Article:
We all believe we do this. But do we? In God’s eyes we are all created equal. Yet, in our own eyes, it’s amazing how we focus on our differences, and even worse, we focus on other people’s weaknesses first.
If I asked you what you are not good at, you could list several skills or traits. Same would be true of what you consider your good skills. My question is why do you believe this? Could it be that most of us have been programmed by our parents, peers, and friends to believe we have limits to our abilities?
My mother picked up after me because I was messy, and it was easier than training me to put things back before going to the next activity. Guess what I am today? Yep, and it drives my organized wife crazy! Am I capable of doing better? You bet. Looking back, I see that I have been conditioned to believe I am less than I could be. I was also told I was non mechanical, and yet, I can follow directions to fix things. I got a low grade in graduate school in written communication, so when people tell me I have writing skills, I doubt them. I have even taught a workshop on written communication, but I still carry that negative memory as a result of a simple grade.
I have managed people where I tell them I believe in them, but when time pressure rears its head, I pull back assignments to complete them myself. What am I saying about my expectations for them? What grade am I placing in their mind?
On the other side, I had a janitor, John Hendrix, tell me I wasn’t so bad at playing a bass guitar when I was truly terrible. He told me all I needed was 1,000 hours. John invested some of his time to get me started, and three years (and 1,000 hours) later, I ended up playing in a praise band. And this was after I was asked to not show up for tryouts at a church looking for backup musicians. He expected more of me than I did myself.
Malcolm Gladwell in Outliers popularized the concept of 10,000 hours to achieve mastery. I wonder how many 10,000 hour journeys are never started thanks to someone else’s negative expectation of the traveler. Think of Jesus’ parable of the seed sower, and think of the ground as your expectations of others. Are you fertile ground or hard ground for the seeds of encouragement and support?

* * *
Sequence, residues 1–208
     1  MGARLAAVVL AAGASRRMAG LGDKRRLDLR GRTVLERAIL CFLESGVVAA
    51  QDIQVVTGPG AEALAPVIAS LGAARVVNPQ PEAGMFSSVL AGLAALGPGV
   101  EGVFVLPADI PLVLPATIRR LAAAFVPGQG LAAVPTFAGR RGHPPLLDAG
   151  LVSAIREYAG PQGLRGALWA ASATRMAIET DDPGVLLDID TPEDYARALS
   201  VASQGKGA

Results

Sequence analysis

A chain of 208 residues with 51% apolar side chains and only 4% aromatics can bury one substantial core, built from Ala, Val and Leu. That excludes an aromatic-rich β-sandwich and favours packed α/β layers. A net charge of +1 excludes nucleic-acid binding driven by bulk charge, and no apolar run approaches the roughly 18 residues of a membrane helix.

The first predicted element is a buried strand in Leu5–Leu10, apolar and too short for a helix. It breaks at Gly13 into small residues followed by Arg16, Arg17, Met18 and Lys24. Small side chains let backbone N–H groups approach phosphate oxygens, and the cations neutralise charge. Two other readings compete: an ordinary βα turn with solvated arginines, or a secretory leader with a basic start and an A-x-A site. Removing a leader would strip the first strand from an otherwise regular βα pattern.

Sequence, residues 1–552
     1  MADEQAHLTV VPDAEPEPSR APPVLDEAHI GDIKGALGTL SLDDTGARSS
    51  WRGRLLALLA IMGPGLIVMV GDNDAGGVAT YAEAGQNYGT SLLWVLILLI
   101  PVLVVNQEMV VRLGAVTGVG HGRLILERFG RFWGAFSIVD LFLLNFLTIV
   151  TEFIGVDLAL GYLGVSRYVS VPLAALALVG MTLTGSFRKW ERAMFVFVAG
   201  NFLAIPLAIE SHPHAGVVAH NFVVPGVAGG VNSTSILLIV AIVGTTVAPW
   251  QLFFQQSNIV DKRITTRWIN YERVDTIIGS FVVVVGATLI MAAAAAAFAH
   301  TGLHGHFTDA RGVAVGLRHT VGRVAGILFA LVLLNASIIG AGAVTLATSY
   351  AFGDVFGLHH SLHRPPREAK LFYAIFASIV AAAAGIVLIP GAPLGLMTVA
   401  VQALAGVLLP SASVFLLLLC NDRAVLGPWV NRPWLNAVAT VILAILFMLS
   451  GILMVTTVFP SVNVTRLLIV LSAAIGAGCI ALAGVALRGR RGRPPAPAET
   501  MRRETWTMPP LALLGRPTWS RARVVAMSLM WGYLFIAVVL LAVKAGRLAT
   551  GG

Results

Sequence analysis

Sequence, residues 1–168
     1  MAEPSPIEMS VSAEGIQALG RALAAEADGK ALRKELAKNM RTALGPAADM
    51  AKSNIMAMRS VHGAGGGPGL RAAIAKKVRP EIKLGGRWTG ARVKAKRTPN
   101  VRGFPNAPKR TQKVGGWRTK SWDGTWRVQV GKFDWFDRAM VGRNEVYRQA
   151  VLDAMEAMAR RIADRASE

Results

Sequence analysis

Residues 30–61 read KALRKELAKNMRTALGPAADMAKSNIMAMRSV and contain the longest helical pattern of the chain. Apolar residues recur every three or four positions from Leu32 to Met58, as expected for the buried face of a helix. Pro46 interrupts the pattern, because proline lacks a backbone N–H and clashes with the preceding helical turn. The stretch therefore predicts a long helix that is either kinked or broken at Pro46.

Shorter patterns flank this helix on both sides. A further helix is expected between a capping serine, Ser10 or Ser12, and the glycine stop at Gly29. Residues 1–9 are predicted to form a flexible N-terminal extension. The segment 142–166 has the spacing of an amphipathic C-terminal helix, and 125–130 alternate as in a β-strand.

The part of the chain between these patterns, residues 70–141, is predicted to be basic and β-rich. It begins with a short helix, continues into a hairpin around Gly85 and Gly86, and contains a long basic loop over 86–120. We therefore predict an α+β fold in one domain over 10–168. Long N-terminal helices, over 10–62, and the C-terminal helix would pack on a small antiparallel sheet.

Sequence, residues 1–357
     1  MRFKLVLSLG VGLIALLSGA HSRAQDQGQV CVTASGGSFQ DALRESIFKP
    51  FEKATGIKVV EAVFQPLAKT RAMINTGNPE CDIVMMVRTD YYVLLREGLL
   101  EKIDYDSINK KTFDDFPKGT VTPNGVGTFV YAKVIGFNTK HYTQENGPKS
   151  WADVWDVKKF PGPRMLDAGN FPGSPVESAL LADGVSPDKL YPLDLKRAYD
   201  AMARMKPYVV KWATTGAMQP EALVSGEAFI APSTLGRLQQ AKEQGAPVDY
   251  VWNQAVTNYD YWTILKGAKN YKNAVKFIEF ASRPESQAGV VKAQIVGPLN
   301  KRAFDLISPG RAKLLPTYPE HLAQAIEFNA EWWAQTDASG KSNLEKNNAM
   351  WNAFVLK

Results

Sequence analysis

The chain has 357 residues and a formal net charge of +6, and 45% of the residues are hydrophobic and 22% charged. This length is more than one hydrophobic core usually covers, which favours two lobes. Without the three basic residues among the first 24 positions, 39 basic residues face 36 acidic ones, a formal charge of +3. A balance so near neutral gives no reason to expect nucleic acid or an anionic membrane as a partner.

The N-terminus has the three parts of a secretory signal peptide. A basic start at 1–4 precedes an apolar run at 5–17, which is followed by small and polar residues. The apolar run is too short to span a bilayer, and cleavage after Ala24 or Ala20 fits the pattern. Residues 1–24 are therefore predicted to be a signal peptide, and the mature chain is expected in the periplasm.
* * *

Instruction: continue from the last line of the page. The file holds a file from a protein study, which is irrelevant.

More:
As the saying goes: If you think you can, you’re right, and if you think you can’t, you’re still right. The corollary to this also applies: If you think they can, you’re right, and if you think they can’t, you’re still right. So why not be the one exception to the rule and become a John Hendrix?
Most organizations pay this lip service. The success ladder has some magic dust that falsely leads managers to equate wisdom with rank. The bigger the title, the more people believe they know relative to their subordinates. Forgotten is the fact that most of us were subordinates once. The whole concept of management is contrary to this rule. This rule is about leadership, management is about control.
Out of box thinking like Lean Manufacturing, Leaders without Titles, ROWE, Mojo ect., all show the benefits of trusting people and empowering each person to be the best they can be. The fact that such approaches are out of the box suggests this rule hasn’t been widely achieved.
Does this mean we are all great at everything if only someone believed in us? Of course not! Yet, ask yourself this question, was I my best today? If not, why not? Were any of the shortfalls due to assumptions placed on you by others? Then ask these questions: Who did I encourage to be the best they can be today? Did my actions support this belief?
My dad understood this. Dick Miller saw the world through rose colored glasses. More importantly, he saw people through rose colored glasses. When his Fortune 500 Company wouldn’t hire a classmate of mine because he lacked a certain GPA, Dad was furious. He would tell me, “Rick, you and I both know Paul worked his way through school, and with his personality and maturity, he will do great. Dad didn’t get to hire Paul, but he tracked Paul’s successful career. We joked about it for years.
Dad understood that God created us all in his image, which means we all have gifts and talents. He looked for those talents in everyone and saw most of us as half filled works in progress. And when you know the potential is there, you can easily expect it to come out. There is always room for more in a half filled cup.
If you can remember when a Dick Miller or John Hendrix filled your cup with encouragement, then go ahead and pay them back by paying it forward. Sow some encouragement and higher expectations in someone, step back, and watch what happens.
Jesus Christ, in his parable of the talents, gave us a great example of what to do with “talents.” So if the Creator of the universe expects each of us to take the talents He gave us, and multiply them, why shouldn’t we expect the same from others?